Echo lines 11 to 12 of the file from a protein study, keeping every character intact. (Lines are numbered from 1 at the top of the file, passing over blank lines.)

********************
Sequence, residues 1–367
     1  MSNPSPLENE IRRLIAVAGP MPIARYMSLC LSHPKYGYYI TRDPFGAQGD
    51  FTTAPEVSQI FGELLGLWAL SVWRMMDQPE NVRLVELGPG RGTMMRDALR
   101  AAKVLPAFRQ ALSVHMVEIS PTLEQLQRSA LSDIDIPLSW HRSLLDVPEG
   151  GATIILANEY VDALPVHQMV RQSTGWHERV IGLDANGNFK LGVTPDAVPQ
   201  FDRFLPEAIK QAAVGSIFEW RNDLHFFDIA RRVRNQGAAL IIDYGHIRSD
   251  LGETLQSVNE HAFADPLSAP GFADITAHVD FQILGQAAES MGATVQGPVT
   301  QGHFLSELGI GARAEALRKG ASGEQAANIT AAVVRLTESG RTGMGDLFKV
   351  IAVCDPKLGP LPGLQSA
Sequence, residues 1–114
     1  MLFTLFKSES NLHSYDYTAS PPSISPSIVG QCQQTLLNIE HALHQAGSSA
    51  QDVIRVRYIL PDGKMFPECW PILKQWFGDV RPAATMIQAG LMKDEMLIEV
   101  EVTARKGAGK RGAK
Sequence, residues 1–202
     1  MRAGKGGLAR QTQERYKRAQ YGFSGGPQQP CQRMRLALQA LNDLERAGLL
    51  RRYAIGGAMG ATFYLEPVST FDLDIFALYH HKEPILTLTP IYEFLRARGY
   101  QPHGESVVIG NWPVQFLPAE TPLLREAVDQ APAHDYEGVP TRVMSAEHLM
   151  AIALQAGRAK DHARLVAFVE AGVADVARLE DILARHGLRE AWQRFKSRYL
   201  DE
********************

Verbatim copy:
     1  MLFTLFKSES NLHSYDYTAS PPSISPSIVG QCQQTLLNIE HALHQAGSSA
    51  QDVIRVRYIL PDGKMFPECW PILKQWFGDV RPAATMIQAG LMKDEMLIEV